In the middle of the 1960ies I was a quite normal photo amateur, taking snapshots of my family with whatever camera available. One day a friend of mine introduced me to a Pentax Spotmatic camera, and suddenly I understood the difference between taking a snapshot and taking a photo.
In those days a Spotmatic was an expensive piece of equipment, but a year later I could buy one, equipped with a TAKUMAR 1:1.8/55 lens. I began taking photos of buildings, industry products, the sky and stars, and of course, of my family. The “through-the lens” exposure meter system made me a better photographer, and the exchangeable lenses gave me possibilities that I had not experienced before. In the years to come I bought lenses from 28 to 300 mm, until my photo bag became quite heavy to carry.
One day my boss asked if I could take some photos of the products that the company manufactured. With my Pentax Spotmatic I took a series of slides for a slide-show, which was well received. For many years, every time that I was expected to make a presentation, I took new slides to accompany my speech; today I would have used a PowerPoint presentation of course.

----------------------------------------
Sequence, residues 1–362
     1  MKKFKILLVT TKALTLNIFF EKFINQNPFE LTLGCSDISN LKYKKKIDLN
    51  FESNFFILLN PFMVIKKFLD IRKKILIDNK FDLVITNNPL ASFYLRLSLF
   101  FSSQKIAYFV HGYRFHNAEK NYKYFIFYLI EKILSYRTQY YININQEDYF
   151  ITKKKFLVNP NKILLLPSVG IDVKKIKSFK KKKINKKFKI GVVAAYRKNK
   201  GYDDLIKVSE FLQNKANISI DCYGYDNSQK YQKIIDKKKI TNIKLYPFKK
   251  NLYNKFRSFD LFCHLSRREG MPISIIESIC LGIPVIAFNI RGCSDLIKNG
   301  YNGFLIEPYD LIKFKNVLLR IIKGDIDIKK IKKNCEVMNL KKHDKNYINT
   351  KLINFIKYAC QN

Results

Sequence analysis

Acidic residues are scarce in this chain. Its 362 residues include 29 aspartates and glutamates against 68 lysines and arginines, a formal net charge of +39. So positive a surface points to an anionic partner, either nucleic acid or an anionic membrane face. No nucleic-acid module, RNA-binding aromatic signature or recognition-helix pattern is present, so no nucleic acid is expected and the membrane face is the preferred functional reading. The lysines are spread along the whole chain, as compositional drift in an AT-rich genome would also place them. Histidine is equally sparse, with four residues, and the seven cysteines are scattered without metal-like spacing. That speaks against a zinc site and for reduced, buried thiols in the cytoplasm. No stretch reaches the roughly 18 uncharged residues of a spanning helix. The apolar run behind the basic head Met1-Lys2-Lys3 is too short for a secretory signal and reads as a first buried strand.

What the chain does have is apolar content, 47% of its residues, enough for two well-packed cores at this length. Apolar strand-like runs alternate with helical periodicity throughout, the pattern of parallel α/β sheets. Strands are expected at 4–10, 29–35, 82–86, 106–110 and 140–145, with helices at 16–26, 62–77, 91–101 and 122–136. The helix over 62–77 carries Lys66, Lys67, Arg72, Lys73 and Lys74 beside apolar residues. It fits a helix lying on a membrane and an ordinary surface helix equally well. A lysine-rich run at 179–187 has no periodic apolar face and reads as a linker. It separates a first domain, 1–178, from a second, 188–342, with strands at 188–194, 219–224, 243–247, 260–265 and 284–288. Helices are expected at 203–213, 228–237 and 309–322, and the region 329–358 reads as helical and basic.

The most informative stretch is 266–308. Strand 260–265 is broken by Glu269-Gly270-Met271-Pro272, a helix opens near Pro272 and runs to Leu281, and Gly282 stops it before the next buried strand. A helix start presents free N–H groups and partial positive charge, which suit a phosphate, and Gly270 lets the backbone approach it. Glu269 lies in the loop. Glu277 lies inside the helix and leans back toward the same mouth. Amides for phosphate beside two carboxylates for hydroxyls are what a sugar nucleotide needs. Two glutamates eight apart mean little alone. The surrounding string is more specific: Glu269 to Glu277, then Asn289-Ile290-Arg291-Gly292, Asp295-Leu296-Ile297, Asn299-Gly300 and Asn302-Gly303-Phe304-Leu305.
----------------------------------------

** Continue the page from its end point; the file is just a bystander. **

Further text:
After more than thirty years of use, my good old and reliable Pentax Spotmatic got jammed, and no camera repair shop could fix it. But, as I had my collection of Pentax lenses, I advertised for a used Spotmatic in good condition. I was also happy to find one, and I am using it now and then, especially together with the 1:3.5/28 wide angle lens, which is perfect for architecture photos.
Today I have many cameras, digital as well as analogue, but my Pentax Spotmatic has a special place in my heart, because it has taught me most of what I know about photography.
- Bo (helibosse)Rating: